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Codependency | Marylebone | London


Codependency essentially describes unhealthy and dysfunctional relationships. Codependency can have a highly damaging and negative effect on self-esteem and mental health - however help and support is available and people can recover and learn to develop and enjoy healthy relationships.


On some level, those with codependency issues rely on others for their sense of self worth and self-esteem. It is a common type of relationship dynamic in families of alcoholics or addicts or with family members struggling with mental health issues. It can develop as a result of trauma in relationships and is sometimes regarded as a delayed stress reaction. It describes a need to almost compulsively help others, to try and be there for other people, even though the other person may not respond, respect, require or appreciate the input. Codependency also manifests in manipulating and controlling behaviour.


It is human nature and a caring trait to want to be there for others and to provide and care. This is perfectly normal in families and friendships. However, for a codependent, needing to be their for others can become obsessive and is in essence an issue of controlling and manipulating others, and at the same time allowing others to manipulate, undermine or control them - whether consciously or otherwise. Codependency can lead to mental and physical health problems, stress, burn out, anxiety and depression...


Individuals with codependent traits usually have issues with low self-esteem, can be avoidant or controlling in relationships, be very compliant in relationships or tend to deny their feelings, needs or wants. Codependency can be at the root of anxiety, stress, depression, low-self esteem and despair, even alcoholism or addiction - it is important to seek help from an understanding and qualified counsellor or professional who is experienced at recognising these characteristics as for many people this can be missed and the codependent be misdiagnosed (and mistreated).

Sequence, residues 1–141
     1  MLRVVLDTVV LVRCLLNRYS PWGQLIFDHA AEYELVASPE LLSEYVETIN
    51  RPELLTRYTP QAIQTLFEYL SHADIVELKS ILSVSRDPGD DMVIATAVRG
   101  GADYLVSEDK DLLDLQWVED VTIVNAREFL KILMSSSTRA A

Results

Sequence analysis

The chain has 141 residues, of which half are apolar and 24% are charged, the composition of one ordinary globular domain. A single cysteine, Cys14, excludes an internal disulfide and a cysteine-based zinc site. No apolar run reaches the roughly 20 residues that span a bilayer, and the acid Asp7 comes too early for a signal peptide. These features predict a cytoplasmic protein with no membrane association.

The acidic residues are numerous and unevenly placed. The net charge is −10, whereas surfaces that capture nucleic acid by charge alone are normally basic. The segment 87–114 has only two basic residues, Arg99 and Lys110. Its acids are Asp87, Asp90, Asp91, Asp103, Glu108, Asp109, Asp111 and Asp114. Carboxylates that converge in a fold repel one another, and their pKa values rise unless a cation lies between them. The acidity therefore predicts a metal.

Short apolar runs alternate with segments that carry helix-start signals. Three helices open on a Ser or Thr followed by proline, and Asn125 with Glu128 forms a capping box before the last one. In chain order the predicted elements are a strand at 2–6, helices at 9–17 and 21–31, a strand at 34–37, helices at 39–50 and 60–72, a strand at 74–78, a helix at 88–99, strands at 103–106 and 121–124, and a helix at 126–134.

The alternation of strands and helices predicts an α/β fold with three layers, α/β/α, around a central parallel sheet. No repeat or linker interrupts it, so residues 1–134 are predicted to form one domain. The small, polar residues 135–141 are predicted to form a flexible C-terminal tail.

People with issues of codependency may recognise some of the following common patterns:

  • Focus considerably on another person or people (eg. partner or family)

  • Lack a sense of individual identity, outside of certain relationships 

  • Put other peoples needs ahead of their own

  • Have difficulty recognising their own emotional needs or feelings

  • Minimise or deny how they feel, perhaps insisting "I'm fine"

  • Do not recognise the unavailability of certain people they may be attracted to

  • Have difficulty making decisions

  • Are unable to hold healthy boundaries and put up with unfair behaviour or abuse from partners or family members

  • Feel as if they are "not good enough" or do not do enough

  • Have difficulty accepting or receiving gifts, praise or compliments

  • Put up with unhealthy, damaging or abusive relationships

  • Compromise their own wellbeing, finances, time, etc by putting the needs of others first

  • Feel a responsibility for other peoples behaviours or actions (thinking for example, "If I was a better partner, maybe my husband wouldn't drink so much").

  • Avoid emotionally intimate relationships


Traits of codependency can appear to run in families, but the patterns can be addressed at any time with support and help. 


Dr. Sarah Davies is an experienced Counselling Psychologist who has worked and trained in general mental health in the UK and has also worked for world-leading specialist treatment centres in Ireland and Switzerland. She has run workshops on codependency recovery and worked with individuals, partners of alcoholics, addicts or narcissists in supporting healing and recovery and in overcoming codependency and supporting healthier, more satisfying relationships and self-esteem. 

To find out more or to arrange an appointment, please do not hesitate to get in touch.

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